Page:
At the same time, I am smart enough to know that there will be people completely put out and turned off by it, and I present that side of my nature at my own risk of exactly that. It's a trade-off for me. So if I were to royally piss someone off (you guys included, though I hope I never do), I would totally understand that someone responding the way Louise did. Louise, the guy was an asshole—and trust me, I know from assholes, I am one—so no one should fault you for your own personal response.

    By the same token, though, no one should fault another reader for completely overlooking that writer's attitude, callous behavior, or politics that may be different from their own, if all the reader cares about is a good yarn. I have bought and read, and will continue to do so, the works of many writers whose politics are completely contrary to mine. Even when their politics creep (okay, sometimes ROMP) onto the page, I try to roll my eyes and move on if I'm even taken out of the story enough to acknowledge with an eye roll. The only time I want to scream is when their politics are so glaringly obvious, and create a character who is so unrealistically perfect BECAUSE of that character's association with the same politics, that I can't read for gagging on my suspension of disbelief. And yet some of those same writers I've met in person and think they are wonderful people, personal politics notwithstanding, because having a different view, even one I may think is naive, narrow-minded, or even hair-brained, doesn't make someone any less of a good person. This guy's politics didn't make him an asshole. The fact he treated you the way an asshole would made him an asshole. It's his choice, and he made it. Others will still buy his books, and shouldn't receive any criticism for doing so (though they will, from people whose politics are different…admit it).

    I personally don't think you should shun his writing because of his political views either. You are a mature enough adult to be able to look past his views on torture and immigration if you like his books enough, because he has a right to his opinion just as you do, so I don't think that should be your reason for avoiding his work. But is it understandable to avoid his work because, upon hearing your opinion, he treated you without equal respect and instead claimed you were un-American? Sure. He made it personal. Had the two of you been able to have a mature discussion on the reasons you felt differently about said issues, it might have been different. Instead, he made it about you personally, and that was an asshole thing to do.

  59. Doug Riddle

    Wow what a great post.

    Louise I am really sorry that you had to put up with someone treating you, or anyone else, this way. Talent is no excuse for being a jerk, though history has shown that many talented people were jerks.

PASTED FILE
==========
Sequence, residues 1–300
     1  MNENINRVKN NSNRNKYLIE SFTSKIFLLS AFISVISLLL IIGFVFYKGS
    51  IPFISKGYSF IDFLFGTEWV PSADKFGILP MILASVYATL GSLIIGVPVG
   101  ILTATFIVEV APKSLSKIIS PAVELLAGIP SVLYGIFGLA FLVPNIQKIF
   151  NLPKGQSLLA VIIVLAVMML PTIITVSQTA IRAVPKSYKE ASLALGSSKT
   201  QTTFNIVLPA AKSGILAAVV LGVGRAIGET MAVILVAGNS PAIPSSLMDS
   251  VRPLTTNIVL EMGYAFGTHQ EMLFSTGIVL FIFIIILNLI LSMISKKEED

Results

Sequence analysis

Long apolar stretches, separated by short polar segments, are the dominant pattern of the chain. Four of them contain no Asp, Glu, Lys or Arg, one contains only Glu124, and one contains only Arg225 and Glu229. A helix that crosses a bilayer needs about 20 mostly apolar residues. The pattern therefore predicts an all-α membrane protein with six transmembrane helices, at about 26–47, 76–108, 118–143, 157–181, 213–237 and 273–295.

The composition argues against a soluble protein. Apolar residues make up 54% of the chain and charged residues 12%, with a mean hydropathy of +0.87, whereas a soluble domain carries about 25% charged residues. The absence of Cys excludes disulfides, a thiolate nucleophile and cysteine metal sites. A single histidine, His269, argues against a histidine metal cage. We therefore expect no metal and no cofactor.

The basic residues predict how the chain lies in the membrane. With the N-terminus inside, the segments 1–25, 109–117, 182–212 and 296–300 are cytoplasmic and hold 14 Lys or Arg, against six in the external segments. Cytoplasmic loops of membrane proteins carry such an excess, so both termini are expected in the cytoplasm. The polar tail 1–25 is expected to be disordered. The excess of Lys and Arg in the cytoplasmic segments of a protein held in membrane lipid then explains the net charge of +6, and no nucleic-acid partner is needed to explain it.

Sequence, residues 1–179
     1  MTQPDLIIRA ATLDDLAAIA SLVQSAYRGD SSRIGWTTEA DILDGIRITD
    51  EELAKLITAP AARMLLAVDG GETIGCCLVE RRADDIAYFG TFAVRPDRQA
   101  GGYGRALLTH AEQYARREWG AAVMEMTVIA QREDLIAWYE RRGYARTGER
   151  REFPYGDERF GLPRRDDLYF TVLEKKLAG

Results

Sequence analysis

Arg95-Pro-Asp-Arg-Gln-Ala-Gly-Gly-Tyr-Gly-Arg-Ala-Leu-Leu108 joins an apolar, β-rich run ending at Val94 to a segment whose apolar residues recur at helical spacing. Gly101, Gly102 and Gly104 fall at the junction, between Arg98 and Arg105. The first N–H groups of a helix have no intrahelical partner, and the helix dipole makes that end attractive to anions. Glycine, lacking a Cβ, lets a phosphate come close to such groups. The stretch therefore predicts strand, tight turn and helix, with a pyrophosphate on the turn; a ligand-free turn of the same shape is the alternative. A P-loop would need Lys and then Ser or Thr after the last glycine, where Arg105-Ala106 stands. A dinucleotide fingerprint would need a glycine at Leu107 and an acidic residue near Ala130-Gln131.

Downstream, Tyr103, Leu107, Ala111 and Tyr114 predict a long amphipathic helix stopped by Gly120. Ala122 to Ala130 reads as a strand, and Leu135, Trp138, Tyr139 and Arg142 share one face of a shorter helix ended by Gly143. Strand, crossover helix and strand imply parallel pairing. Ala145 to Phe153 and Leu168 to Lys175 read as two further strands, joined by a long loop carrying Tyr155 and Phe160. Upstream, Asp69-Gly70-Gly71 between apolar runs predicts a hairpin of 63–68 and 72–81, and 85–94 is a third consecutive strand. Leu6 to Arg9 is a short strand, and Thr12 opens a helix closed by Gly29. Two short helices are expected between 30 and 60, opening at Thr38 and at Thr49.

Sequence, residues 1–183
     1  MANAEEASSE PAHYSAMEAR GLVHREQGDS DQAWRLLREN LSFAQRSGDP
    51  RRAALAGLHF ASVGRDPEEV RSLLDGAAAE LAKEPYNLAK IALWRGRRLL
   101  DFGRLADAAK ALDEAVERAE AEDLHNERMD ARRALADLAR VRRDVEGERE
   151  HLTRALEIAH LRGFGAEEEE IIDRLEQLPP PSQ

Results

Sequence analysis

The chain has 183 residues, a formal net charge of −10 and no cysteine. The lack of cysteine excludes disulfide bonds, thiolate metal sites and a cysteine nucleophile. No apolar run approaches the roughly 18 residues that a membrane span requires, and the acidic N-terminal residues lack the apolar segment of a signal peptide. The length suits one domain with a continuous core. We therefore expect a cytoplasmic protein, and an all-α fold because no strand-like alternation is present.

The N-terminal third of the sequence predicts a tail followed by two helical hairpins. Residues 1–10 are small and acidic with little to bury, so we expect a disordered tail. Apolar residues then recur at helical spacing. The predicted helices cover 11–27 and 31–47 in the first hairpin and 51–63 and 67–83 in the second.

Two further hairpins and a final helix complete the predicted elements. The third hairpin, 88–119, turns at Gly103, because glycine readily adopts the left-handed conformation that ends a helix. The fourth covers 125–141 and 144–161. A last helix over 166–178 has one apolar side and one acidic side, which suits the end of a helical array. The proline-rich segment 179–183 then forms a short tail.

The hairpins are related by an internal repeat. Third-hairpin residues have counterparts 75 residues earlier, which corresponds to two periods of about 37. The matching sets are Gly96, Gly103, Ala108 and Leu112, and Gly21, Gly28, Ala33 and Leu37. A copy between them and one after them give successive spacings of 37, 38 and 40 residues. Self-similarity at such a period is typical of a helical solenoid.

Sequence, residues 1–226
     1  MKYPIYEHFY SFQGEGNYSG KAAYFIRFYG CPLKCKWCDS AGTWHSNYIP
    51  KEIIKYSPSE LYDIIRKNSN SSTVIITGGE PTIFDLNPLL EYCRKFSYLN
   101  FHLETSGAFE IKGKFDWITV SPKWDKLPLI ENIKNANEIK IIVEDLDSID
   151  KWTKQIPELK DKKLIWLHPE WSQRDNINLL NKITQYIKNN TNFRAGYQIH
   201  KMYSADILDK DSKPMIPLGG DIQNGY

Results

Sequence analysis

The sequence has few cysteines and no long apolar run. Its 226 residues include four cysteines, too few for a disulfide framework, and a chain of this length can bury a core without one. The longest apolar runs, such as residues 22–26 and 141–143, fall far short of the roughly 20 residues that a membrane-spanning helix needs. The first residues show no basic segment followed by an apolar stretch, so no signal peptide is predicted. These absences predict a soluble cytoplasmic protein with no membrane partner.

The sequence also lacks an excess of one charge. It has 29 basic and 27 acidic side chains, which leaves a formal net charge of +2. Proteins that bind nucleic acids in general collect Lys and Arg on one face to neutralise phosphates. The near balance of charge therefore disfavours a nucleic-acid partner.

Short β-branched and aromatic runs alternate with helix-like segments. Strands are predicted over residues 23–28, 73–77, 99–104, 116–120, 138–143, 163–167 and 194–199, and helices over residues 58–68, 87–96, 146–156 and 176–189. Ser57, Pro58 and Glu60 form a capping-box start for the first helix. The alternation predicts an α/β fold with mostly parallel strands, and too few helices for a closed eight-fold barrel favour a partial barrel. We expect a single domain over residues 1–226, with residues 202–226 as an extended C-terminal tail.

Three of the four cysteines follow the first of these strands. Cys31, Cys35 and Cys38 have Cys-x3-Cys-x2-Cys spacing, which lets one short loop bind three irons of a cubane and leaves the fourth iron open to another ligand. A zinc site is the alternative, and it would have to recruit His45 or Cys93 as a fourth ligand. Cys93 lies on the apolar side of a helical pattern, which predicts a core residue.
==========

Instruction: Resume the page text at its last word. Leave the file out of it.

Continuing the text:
The unamerican comment is something that puts me over the edge everytime I hear someone say it. Funny thing is, it usually comes from someone who have done little to nothing to serve this country, but has spent most of their working life feeding at the public trough.

    But….and here it comes…..I don't let an author, actor, or any other artist's personal life influnce my choices in what I read or see. As it happens, at work today a friend and I were discussing a recent news story about a poll showing former president Bill Clinton being the most popular politician in the country. And of course, the issue of his personal life came up. To which I replied, that I didn't care what an employee did in their personal life, as long as they did the job I hired them to do……that applies to presidents, authors or actors. But no matter how great an employee is, you don't get to be a jerk to the customer.

  60. Fran

    I don't mind a difference of opinion on religion, politics, whatever. I have fairly strongly held beliefs myself. But when someone is rude about it? That's a whole 'nother thing.

    There are authors I've met at the shop whose books I simply overlook when people ask for recommendations simply because they've been rude. There's no reason to be rude to fans, customers, booksellers, media escorts, anyone who's helped an author reach whatever status he or she might have.

    And there are good, solid authors who are kind, even when they disagree with someone. I'm much more likely to point my customers in those authors' directions rather than the unpleasant ones. Fortunately, I've met very few of the yucky kind, which makes my job quite agreeable.

    See many of you in a couple of days!

  61. KDJames

    Okay guys, I've met Jake. Had an actual conversation with him. He is not an asshole, supreme or otherwise. Yeah, I can see him being blunt. So am I. Whole different thing. In my book, Jake, you're a stand up no-bullshit guy. We need more teachers like you.

    Um, not that you're actually IN my book. Figure of speech.

    And I should be in bed but I'm sitting here wiping away the occasional tear, completely awed by the heroic efforts in Chile.

  62. RDorn

    You're right Louise, torture is up there with racism. Thank you for writing this post today. It's good to get us thinking.